6. Atlantic Sharpnose Shark
The Atlantic sharpnose shark can grow up to 4 feet long. It is among the largest sharks that are frequently found nearby Virginia beaches. Their name comes from their distinguishing feature: the pointed nose.
Its populations are currently prospering in both the Gulf of Mexico and Atlantic Ocean and it exceeds expectations by a wide margin. However, regulations are necessary to ascertain the long-term survival of the Atlantic sharpnose.
For coastal sharks, the Atlantic sharpnose shark’s diet is around average. They consume shrimp, eels, crabs, mollusks, and tiny fish.
7. Dusky Shark
Requiem sharks include the dusky shark, which are significantly bigger in size. The dusky shark can grow to a maximum length of 14 feet – the length of an average car. Additionally, they are capable of weighing up to 800 pounds, making them one of the largest members of the Carcharhinus genus of sharks.
The Dusky Shark was once regarded as endangered, resulting from their relatively long gestation periods and slow maturity. They are, however, also well-liked amongst fishermen who like to harvest them for their oils and fins.
Overall, people are not at great risk from dusky sharks. However, you should exercise caution near them because there have been a few documented attacks involving them due to their size.
8. Blacktip Shark
The name of the Blacktip shark derives from the distinct black tip on each of its fins.
It is another type of requiem shark. As a result, it is somewhat related to the dusky shark and the sandbar shark. The blacktip shark is substantially smaller compared to the dusky shark, though.
The blacktip shark normally reaches an adult length of about 9 feet and can be quite aggressive. Additionally, numerous assaults have been recorded.
The blacktip shark is not considered “bad” because of this. It simply indicates that you might not want to swim with one as you would with other sharks.
9. Scalloped Hammerhead
Another massive shark found along the Virginia beaches is the scalloped hammerhead shark. Although it it’s one of the biggest in the area, it’s one of the smallest hammerhead sharks, with a maximum length of 8.2 feet.
However, some scalloped hammerhead sharks have grown to over 10 feet in length! You probably won’t see it close to Virginia’s coasts for most of the year.
In fact, it’s unlikely that you’ll frequently see them close to any coasts. They prefer deep-water oceans and live and prosper there. They will, though, go inland to take advantage of the shoals during the breeding season.
Furthermore, the metabolic rates of scalloped hammerhead sharks are high. It implies that they may require more food than certain other varieties of sharks.
10. Smooth Hammerhead Shark
The smooth hammerhead has a maximum length of 16 feet. Despite its size, it is a more frequent coastal find.
However, the majority of smooth hammerhead sharks are content to eat small fish. Some of the largest have been observed eating rays and other sharks. Additionally, they may be dangerous to people due to their humongous size.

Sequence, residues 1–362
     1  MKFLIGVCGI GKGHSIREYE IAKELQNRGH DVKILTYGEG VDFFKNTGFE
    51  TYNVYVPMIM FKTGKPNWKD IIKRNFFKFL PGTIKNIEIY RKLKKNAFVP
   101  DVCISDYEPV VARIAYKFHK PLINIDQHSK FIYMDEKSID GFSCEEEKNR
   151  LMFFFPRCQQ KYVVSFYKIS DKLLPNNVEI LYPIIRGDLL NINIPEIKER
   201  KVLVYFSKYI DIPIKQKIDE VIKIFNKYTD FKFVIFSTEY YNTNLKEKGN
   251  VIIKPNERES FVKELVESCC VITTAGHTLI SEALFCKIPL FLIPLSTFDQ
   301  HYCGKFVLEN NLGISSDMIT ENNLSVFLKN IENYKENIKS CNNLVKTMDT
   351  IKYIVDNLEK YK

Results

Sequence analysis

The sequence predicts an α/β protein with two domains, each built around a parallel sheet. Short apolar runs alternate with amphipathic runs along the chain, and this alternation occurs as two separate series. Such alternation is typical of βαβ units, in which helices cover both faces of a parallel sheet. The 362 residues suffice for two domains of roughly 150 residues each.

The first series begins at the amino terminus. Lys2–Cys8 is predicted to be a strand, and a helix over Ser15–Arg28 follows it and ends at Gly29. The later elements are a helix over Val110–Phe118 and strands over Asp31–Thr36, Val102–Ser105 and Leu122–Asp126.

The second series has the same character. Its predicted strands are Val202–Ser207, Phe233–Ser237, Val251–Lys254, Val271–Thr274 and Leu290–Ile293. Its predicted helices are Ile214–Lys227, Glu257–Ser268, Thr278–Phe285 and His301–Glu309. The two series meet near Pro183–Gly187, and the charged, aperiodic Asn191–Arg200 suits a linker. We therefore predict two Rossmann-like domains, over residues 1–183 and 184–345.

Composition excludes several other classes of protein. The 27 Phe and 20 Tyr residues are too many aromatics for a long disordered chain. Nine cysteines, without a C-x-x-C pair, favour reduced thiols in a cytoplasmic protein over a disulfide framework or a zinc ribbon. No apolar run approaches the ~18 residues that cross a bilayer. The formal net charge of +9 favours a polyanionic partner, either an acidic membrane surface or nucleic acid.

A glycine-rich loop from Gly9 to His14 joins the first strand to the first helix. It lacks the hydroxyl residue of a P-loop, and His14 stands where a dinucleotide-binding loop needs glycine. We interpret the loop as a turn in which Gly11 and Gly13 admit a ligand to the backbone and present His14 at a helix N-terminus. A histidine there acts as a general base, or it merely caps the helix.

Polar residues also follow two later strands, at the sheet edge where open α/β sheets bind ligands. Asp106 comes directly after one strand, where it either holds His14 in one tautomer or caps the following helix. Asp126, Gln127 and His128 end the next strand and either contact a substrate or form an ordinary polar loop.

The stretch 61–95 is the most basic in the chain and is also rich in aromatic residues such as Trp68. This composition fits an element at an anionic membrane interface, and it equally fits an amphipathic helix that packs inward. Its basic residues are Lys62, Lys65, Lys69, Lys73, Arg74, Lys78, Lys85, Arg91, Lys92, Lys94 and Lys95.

There have reportedly been some attacks, but generally they prefer to avoid humans, just like all other sharks. Sometimes they are observed swimming close to piers and fishing locations.
Moreover, they plunder fishermen’s catches. It has a vulnerable species designation.
When a person initiates contact with a shark in some way, it is called a provoked bite. These include situations where people bother or approach sharks.
While releasing a shark caught in a fishing net or hooked, bites can happen. Furthermore, the shark exhibits defensive behavior in these interactions. Attempts to feed sharks have resulted in many incidences of human bites.
These are instances where a shark bites a person in the animal’s native environment. Additionally, humans did not provoke the shark in any way.
These are the shark behaviors that are in accordance with their instinct and are the data types that we utilize most frequently for study. On the ISAF website, all publicly accessible data comes from unprovoked incidents.
Hit & Run Bites
It occurs close to beaches when sharks try to catch fish to survive. Strong surf and currents and unclear water can all contribute to a shark misinterpreting human movements.
The shark makes one grip, releases it, and then swims away. Moreover, they bite feet or legs frequently. Most injuries are minor, with fatalities being uncommon.
Deeper seas are where it happens. The shark is not visible to the victim before the encounter. Therefore, the outcome could be a fatality or severe injuries.
A bump-and-bite occurs when a shark deliberately bumps into its target before attacking and biting. Additionally, the shark may bite multiple times in a sneaky manner, which can result in serious injuries or even death.
Incidents Due to Shark Attacks in Virginia Beach